A couple of weeks later, Newman was still turning it all over in her head. “I was thinking about who I am and where life had taken me,” she said. “It had been 35 years, and I hadn’t spoken to Dave since I told him I was pregnant.”
But she knew he had consented to opening the adoption file, too and that he might have spoken with Schmidt. She decided to reach out, curious to know what he was feeling. “My plan was just to send him a text,” Newman said.
When he got her text, Lindgren was five hours ahead, getting ready for bed at his home in Marshfield, Wisconsin. “It was an odd area code and number, so at first I ignored it,” Lindgren, 55, said. “But once I realized who it was, we texted back and forth a few times, and I asked, ‘Do you mind if I give you a call?’”
Since they last spoke, Lindgren had married three times and had become a father many times over. “I have four biological children, including Martin, and four stepchildren that are also my kids,” Lindgren said. “I was always meant to be a dad.”
He had stayed in central Wisconsin and worked his way up to being a plant manager at Lynn Dairy. A self-proclaimed milk and cheese obsessive, he is also certified as a master cheese maker through the University of Wisconsin, specializing in cheddar, Monterey Jack, mozzarella and provolone.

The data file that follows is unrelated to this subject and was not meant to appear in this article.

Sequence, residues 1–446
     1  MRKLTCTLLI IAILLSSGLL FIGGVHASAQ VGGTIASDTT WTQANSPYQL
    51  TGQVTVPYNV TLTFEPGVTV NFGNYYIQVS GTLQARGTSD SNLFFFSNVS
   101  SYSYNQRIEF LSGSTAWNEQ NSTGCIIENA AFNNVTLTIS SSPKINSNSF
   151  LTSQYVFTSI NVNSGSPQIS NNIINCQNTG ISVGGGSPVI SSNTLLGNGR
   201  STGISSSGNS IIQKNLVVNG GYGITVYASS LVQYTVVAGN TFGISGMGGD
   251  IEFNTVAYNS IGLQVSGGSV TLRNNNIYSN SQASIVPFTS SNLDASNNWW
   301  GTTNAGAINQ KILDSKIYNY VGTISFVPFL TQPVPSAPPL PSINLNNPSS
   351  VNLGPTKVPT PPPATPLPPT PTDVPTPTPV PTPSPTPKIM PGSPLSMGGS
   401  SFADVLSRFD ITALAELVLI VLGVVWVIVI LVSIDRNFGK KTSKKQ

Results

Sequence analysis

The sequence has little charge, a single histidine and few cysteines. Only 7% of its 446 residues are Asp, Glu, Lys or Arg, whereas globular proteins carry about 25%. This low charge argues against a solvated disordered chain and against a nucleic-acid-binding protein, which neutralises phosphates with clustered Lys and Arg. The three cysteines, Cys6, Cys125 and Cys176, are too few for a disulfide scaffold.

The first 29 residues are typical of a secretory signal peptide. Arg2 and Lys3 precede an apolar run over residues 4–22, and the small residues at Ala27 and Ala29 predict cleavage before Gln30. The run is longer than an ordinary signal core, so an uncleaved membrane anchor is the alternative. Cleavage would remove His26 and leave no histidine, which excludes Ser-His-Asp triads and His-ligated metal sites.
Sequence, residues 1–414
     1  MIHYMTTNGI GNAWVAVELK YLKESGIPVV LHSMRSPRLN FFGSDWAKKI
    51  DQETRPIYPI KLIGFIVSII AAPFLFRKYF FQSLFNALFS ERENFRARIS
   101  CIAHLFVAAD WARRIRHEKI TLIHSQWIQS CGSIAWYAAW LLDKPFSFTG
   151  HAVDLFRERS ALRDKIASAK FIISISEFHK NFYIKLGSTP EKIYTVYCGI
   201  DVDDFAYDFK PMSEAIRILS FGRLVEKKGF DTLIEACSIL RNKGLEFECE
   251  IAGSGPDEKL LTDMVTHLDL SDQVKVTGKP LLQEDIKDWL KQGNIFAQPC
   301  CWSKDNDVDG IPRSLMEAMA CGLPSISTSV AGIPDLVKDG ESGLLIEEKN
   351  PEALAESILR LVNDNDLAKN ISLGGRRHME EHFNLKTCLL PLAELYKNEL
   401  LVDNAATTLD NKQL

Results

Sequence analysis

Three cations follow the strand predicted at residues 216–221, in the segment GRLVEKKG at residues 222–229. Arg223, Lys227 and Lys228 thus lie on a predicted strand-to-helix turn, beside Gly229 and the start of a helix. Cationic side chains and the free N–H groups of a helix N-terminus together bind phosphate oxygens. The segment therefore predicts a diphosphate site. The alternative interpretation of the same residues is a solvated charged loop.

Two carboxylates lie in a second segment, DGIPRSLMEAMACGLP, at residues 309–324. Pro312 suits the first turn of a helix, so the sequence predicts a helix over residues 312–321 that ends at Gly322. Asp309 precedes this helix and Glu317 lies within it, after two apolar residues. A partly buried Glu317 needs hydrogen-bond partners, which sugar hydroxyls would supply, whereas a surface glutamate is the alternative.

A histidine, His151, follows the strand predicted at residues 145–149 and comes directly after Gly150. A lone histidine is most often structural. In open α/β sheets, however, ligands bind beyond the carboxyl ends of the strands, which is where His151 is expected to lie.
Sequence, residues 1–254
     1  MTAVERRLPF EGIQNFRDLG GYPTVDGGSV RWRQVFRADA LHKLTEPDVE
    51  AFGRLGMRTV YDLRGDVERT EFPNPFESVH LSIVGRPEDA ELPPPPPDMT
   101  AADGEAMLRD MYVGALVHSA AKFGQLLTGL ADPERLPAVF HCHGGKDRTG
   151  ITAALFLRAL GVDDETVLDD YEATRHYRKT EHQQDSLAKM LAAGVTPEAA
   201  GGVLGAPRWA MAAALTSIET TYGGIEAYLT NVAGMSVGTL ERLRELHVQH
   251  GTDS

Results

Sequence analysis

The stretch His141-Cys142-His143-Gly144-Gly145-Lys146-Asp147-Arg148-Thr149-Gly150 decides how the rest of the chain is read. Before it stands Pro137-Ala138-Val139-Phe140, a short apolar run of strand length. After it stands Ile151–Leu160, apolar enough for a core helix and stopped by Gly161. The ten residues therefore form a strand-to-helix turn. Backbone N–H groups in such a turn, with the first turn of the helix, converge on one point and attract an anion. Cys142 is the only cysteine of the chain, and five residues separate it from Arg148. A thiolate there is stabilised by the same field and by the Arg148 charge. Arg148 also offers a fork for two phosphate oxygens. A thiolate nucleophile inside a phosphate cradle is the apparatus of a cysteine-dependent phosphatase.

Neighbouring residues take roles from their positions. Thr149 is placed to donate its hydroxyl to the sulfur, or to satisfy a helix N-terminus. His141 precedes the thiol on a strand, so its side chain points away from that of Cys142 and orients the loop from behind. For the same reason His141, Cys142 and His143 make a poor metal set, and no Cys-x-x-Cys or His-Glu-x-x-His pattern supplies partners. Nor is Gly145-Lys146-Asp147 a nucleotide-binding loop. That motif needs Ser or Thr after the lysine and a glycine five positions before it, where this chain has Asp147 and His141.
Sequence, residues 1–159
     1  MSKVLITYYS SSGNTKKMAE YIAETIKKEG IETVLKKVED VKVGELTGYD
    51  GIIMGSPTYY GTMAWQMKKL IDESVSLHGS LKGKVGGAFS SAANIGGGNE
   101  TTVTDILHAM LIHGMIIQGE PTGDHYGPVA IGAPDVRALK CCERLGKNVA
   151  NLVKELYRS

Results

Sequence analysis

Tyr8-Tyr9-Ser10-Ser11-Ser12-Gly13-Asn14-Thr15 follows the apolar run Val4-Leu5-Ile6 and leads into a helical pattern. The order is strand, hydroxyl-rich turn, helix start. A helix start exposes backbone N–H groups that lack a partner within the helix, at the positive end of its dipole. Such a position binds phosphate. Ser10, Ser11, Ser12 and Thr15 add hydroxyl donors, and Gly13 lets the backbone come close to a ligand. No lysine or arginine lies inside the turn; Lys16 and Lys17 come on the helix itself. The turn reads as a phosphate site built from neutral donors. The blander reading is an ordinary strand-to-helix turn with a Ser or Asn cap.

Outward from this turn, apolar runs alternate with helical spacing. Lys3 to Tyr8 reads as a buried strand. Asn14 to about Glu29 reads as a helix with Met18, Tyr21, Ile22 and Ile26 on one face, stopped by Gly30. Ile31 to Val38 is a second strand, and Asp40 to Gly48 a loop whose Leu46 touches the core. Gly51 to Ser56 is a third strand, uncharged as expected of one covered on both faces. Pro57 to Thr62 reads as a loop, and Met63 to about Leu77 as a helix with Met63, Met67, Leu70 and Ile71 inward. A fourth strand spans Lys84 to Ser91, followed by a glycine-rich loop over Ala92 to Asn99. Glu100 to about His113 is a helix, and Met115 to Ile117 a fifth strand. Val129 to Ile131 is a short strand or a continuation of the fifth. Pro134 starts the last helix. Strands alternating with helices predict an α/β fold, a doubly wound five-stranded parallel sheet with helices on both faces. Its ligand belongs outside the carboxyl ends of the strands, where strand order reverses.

On that fateful day in December, when Newman texted him, he hadn’t yet heard from his firstborn. (“I was spacing out the calls a bit for the emotional load,” Schmidt said.)
Lindgren was eager to hear about his son but expected his conversation with Newman would be a short one. Four hours later, at 2 a.m., he got off the phone and realized there was still so much more to say.
A few days later, they spoke on the phone again. And then they couldn’t stop talking. He learned about the many jobs she held before she moved to Hawaii in her 40s and got her undergraduate degree and a masters in counseling psychology. He learned about her passion for advocating for victims of sexual assault and those struggling with addiction. Newman learned that Lindgren was going through a divorce, and about his children and the goings-on of his large extended family.
“We had long deep discussions,” Newman said. “We were going through all these serious life topics. We became very close that way.”
Soon, they were talking every day, sometimes multiple times. And one day Lindgren said, “You know, I’ve always wanted to go to Hawaii.”
Newman said: “I didn’t think this was any romantic kind of thing. Dave was in the middle of a divorce.”
So she said she’d be happy to show him around the Big Island. For his part, Lindgren knew there was an “instant connection.” And though he was interested in Hawaii, he had never before had any intention of traveling there. He bought two tickets for the trip — one for him, and one for his nephew Nate, who could double as a travel partner and potential buffer.